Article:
Five takeaways from Packers-Bears

The Green Bay Packers opened the 2019 season with a 10-3 win over the Chicago Bears

WGR 550
September 06, 2019 - 12:22 am

Photo: Mike DiNovo - USA TODAY Sports


Louie DiBiase
Twitter: @DiBiaseLOE


The 100th NFL season kicked off Thursday night with a 10-3 win for the Green Bay Packers over the Chicago Bears at Soldier Field.

It was a battle of, what could be, two of the NFL's best defenses, and it ended with a familiar face intercepting his former team. 

After the Bears would get one more opportunity on offense, Green Bay's defense came up with a game-winning sack of Mitchell Trubisky to seal the deal, moving on to 1-0 on the young season. 

Here are five key takeaways from the kickoff to the 2019 season. 


1.) Mitchell Trubisky held Chicago back

It is hard to have a better performance than what the Bears defense did Thursday night. They provided Trubisky and the offense countless opportunities to take the game over. The third-year quarterback had no answers. 

The eventual game-winning interception was very avoidable. From the snap, Trubisky stared down wide receiver Allen Robinson in the left corner of the endzone. Amos read it instantly and the Packers safety jumped the route for the pick. 

For a former second overall pick in the NFL Draft (taken over Deshaun Watson and Patrick Mahomes), one would hope he has the awareness to hold Amos in the middle of the field with his eyes, until Robinson had enough separation. 

Trubisky could very likely have had five interceptions. He held back the Bears on Thursday.

Time will tell if he continues to. 


2.) The Bears defense is something special:

Chicago's defense picked up right where they left off in 2018. Four different players were able to register sacks on Aaron Rodgers, including two from defensive end Leonard Floyd. The Packers offense was held to just 6.8 yards per-passing attempt. They were only 2-for-12 on third down. 

The rushing attack didn't find much more luck against the Bears. The Packers rushed for just 47 yards, 2.1 yards per-attempt. 

Despite losing former defensive coordinator Vic Fangio to the Denver Broncos, the Bears' defense appears to still be an elite unit. 


3.) Don't sleep on Green Bay's defense:

The Bears defense was outstanding Thursday night, but the Packers defense was equally as disruptive. 

Green Bay finished with 4.5 sacks of Trubisky, including one on the final drive to seal the win.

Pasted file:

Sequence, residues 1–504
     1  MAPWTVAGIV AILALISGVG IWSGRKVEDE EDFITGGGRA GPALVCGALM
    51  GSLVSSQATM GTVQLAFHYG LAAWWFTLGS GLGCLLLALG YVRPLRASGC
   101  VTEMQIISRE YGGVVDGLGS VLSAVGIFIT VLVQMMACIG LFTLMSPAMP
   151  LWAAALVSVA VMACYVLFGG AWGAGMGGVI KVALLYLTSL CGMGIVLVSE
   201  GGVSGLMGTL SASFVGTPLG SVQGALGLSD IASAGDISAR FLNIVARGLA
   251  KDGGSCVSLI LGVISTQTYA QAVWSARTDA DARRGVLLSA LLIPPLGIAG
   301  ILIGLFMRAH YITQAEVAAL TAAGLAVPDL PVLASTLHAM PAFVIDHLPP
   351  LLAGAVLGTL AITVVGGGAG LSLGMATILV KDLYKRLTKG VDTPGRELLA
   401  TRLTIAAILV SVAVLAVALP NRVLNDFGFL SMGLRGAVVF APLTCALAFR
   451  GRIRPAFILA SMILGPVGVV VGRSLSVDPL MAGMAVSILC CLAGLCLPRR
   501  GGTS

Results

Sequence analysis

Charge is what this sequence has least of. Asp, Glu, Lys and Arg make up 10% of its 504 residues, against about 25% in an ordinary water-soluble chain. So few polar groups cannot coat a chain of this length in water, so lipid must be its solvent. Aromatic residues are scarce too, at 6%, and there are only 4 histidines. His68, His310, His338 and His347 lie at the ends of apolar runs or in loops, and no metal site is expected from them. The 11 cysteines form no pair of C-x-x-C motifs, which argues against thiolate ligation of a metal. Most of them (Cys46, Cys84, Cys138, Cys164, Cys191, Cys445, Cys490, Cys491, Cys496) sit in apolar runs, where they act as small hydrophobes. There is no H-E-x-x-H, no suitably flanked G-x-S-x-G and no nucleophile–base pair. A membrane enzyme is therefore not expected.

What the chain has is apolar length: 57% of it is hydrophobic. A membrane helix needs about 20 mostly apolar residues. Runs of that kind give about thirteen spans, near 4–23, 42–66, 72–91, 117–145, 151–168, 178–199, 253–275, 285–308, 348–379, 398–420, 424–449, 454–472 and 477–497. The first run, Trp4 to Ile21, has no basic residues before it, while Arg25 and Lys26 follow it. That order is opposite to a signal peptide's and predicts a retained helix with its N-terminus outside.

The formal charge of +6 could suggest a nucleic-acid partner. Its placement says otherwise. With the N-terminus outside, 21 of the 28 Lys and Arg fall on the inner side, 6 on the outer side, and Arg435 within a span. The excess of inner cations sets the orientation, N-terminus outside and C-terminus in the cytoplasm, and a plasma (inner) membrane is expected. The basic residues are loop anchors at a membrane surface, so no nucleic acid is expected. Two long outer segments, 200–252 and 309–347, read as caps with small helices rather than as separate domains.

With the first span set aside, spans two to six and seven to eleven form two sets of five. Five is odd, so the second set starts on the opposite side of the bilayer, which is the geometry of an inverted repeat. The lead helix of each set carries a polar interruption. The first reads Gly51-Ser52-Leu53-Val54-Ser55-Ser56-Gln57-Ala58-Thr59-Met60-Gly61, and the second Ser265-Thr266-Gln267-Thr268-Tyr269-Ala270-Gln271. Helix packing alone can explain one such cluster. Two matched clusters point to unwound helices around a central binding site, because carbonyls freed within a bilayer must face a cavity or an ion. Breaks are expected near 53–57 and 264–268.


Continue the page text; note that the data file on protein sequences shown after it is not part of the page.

Trubisky and Chicago's offense had no answers on third down, going just 3-for-15 on the night. 

The new additions of Amos, defensive end Za'Darius Smith, and safety Darnell Savage were crucial this offseason. This version of the unit, led by former Buffalo Bills defensive coordinator Mike Pettine, might be the best defense they have had since the 2010 Super Bowl roster. 


4.) Running back by committee hurt both offenses:

Many teams in the NFL like to rotate two, three, sometimes even four running backs throughout a game. It keeps them fresh, healthy, and having players with different skill sets will help the offense. 

It can work, but when a team has a running back that can do it all, that is clearly the superior, more efficient player, keeping them on the sidelines is a mistake. 

Both the Packers and Bears kept superior talents off the field for a large portion of the game. Bears running back David Montgomery and Packers running back Aaron Jones combined for just 19 carries on the night. 

Chicago featured running back Mike Davis in the backfield. He led the backfield in total touches with 11. Davis was inefficient with those touches, averaging 3.8 yards on five carries, while averaging just 2.8 yards through the air on six receptions. 

Meanwhile, Montgomery was making plays like this. 

Sometimes coaches overcomplicate things. That was the case with the handling of the running backs on Thursday. Sorry fantasy owners. 


5.) Referees make the right call on pass interference challenge:

Packers head coach Matt LaFleur became the first coach to attempt a challenge involving pass interference. 

LaFleur hoped to challenge a non-call on Bears wide receiver Taylor Gabriel, who he believed committed offensive pass interference. 

The call on the field did stand, and that was the correct decision. 

The new rule has a guideline of "clear and obvious" when it comes to what calls or non-call will get overturned. It was a clear ticky-tack play that if overturned, could have created "what is a catch" debates all over again. 

Hopefully officials will continue to make decisions based on this guideline, steering coaches away from throwing the red flag on reaches like this.

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